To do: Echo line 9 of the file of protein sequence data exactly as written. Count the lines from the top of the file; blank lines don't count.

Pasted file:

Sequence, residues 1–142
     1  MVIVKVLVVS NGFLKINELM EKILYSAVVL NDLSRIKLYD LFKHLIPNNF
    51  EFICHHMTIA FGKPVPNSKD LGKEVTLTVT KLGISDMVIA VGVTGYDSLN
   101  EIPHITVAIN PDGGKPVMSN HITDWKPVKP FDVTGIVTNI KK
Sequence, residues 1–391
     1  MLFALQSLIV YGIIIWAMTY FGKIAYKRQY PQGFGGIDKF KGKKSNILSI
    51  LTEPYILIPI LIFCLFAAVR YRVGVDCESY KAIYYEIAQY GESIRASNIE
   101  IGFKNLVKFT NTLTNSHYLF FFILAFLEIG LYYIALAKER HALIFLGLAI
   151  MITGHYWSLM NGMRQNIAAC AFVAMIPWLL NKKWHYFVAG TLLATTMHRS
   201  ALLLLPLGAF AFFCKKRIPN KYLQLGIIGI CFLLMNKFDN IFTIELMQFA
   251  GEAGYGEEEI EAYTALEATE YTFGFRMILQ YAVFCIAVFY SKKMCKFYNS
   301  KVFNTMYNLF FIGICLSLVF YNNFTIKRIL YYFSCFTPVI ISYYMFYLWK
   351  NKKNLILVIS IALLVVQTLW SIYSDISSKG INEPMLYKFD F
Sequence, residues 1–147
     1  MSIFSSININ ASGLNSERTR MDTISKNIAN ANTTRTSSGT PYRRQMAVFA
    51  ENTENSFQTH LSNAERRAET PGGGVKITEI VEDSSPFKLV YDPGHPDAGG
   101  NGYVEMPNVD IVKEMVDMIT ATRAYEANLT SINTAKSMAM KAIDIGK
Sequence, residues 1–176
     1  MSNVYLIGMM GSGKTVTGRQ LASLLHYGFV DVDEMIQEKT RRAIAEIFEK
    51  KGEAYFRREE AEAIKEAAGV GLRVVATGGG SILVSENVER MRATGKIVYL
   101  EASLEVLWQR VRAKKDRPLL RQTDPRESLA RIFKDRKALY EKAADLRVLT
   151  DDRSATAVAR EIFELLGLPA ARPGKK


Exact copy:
   151  MITGHYWSLM NGMRQNIAAC AFVAMIPWLL NKKWHYFVAG TLLATTMHRS